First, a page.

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1. A contrivance for catching and holding animals, as a concealed pit or a clamplike device that springs shut suddenly.
2. A stratagem for catching or tricking an unwary person.
3. A confining or undesirable circumstance from which escape or relief is difficult: fell into poverty's trap.
4. A device for sealing a passage against the escape of gases, especially a U-shaped or S-shaped bend in a drainpipe that prevents the return flow of sewer gas by means of a water barrier.
a. A device that hurls clay pigeons into the air in trapshooting.
b. A land hazard or bunker on a golf course; a sand trap.
c. traps A measured length of roadway over which electronic timers register the speed of a racing vehicle, such as a dragster.
6. Baseball See web.
a. A defensive strategy or play, as in basketball or hockey, in which two or more defenders converge on an offensive player shortly after the player gains possession of the ball or puck.
b. The act of trapping a soccer ball.
8. Football A running play in which the ball carrier advances through a hole in the defensive line created by allowing a defensive lineman to penetrate the backfield.
9. A light two-wheeled carriage with springs.
10. A trapdoor.
11. traps Music Percussion instruments, such as snare drums and cymbals, especially in a jazz band.
12. Slang The human mouth.
v. trapped, trap·ping, traps
1. To catch in a trap; ensnare.
2. To prevent from escaping or getting free: was trapped in the locked attic.
3. To deceive or trick by means of a scheme or plan. See Synonyms at catch.
4. To seal off (gases) by a trap.
5. To furnish with traps or a trap.
a. To catch (a ball) immediately after it has hit the ground.
b. To gain control of (a moving soccer ball) by allowing it to hit and bounce off a part of the body other than the arm or hand.
1. To set traps for game.
2. To engage in trapping furbearing animals.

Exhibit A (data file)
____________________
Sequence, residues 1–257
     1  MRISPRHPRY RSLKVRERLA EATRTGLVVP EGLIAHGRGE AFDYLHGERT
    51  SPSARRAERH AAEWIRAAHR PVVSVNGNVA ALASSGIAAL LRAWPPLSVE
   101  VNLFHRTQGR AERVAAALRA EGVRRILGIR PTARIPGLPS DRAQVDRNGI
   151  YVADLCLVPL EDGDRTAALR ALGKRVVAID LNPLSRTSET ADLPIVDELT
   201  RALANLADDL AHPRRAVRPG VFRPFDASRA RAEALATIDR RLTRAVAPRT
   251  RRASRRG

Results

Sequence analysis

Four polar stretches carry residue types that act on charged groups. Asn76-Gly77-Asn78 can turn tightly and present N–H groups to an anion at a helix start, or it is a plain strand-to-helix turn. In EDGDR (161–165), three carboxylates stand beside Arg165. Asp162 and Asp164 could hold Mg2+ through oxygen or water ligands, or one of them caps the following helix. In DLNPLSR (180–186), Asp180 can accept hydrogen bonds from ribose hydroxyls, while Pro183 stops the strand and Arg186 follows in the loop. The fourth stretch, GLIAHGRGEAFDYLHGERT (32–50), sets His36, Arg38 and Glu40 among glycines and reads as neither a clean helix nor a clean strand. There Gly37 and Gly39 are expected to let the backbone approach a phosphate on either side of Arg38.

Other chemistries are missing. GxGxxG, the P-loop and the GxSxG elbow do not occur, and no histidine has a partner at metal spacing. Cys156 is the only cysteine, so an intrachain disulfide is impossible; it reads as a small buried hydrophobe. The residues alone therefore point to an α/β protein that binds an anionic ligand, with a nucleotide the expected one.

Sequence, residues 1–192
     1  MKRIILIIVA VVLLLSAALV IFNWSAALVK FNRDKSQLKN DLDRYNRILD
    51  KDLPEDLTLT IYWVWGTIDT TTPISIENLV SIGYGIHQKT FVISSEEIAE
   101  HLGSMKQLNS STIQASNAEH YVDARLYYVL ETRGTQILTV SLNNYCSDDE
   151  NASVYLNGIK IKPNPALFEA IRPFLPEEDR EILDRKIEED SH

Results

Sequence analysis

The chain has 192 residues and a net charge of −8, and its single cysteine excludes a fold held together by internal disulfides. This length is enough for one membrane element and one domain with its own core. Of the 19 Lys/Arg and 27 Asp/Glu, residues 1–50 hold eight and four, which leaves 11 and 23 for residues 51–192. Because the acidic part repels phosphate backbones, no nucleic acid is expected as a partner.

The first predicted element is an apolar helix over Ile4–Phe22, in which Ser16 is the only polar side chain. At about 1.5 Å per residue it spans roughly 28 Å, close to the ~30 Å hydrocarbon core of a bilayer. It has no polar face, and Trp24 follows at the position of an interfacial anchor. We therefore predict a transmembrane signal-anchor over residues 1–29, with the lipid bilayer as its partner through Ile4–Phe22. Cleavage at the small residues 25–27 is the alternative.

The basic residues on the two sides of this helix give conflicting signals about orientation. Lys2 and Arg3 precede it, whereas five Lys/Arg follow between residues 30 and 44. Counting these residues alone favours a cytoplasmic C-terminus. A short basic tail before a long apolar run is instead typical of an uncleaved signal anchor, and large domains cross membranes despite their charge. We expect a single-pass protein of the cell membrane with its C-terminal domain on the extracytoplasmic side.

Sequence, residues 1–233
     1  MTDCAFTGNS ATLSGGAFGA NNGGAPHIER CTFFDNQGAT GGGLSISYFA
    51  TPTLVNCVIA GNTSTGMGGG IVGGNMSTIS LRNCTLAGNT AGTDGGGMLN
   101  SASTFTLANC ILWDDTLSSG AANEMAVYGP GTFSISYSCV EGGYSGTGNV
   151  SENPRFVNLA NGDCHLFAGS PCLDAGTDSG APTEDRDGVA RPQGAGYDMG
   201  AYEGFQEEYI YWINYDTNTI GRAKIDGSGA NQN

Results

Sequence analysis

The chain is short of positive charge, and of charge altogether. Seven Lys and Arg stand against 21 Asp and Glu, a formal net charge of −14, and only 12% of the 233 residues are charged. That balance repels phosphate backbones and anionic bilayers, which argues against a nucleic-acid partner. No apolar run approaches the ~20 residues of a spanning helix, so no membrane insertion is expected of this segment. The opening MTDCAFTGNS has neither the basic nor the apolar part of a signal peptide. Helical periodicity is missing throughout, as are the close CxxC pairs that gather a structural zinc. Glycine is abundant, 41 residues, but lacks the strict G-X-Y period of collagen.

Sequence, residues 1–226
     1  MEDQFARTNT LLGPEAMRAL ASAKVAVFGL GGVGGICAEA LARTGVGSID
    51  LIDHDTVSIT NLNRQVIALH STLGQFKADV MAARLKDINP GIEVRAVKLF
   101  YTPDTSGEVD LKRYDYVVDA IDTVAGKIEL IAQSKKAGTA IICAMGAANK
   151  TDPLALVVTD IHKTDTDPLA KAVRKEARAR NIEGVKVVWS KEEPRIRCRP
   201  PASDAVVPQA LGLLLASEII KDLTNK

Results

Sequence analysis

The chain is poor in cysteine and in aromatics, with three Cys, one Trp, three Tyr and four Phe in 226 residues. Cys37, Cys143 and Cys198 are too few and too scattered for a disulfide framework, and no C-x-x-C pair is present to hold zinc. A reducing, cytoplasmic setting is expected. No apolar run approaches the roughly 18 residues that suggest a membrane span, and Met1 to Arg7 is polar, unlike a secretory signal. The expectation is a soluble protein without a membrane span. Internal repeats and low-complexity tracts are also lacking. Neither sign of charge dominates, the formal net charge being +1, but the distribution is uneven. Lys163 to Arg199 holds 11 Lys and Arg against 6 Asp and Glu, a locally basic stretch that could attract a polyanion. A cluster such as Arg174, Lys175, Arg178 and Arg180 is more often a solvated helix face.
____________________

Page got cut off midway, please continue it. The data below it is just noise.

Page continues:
[Middle English, from Old English træppe.]
trap 2(trăp) Archaic
often traps Personal belongings or household goods.
tr.v. trapped, trap·ping, traps
To furnish with trappings.
[Middle English trap, trapping, perhaps alteration of Old French drap, cloth, from Late Latin drappus.]
Any of several dark, fine-grained igneous rocks often used in making roads.
[Swedish trapp, from trappa, step, from Middle Low German trappe.]
American Heritage® Dictionary of the English Language, Fifth Edition. Copyright © 2016 by Houghton Mifflin Harcourt Publishing Company. Published by Houghton Mifflin Harcourt Publishing Company. All rights reserved.
(of an animal) caught in a trapunable to move or escape as a result of obstructionunable to escape, as from a situationunable to be moved as a result of obstructionjammed; entangled or caught(of gas, water, or energy) prevented from escaping
Collins English Dictionary – Complete and Unabridged, 12th Edition 2014 © HarperCollins Publishers 1991, 1994, 1998, 2000, 2003, 2006, 2007, 2009, 2011, 2014
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|Adj.||1.||trapped - forced to turn and face attackers; "a stag at bay"; "she had me cornered between the porch and her car"; "like a trapped animal"|
unfree - hampered and not free; not able to act at will
Based on WordNet 3.0, Farlex clipart collection. © 2003-2012 Princeton University, Farlex Inc.
adjective caught, cornered, snared, ensnared, stuck (informal), netted, surrounded, cut off, at bay, in a tight corner, in a tight spot, with your back to the wall He froze like a trapped animal.
Collins Thesaurus of the English Language – Complete and Unabridged 2nd Edition. 2002 © HarperCollins Publishers 1995, 2002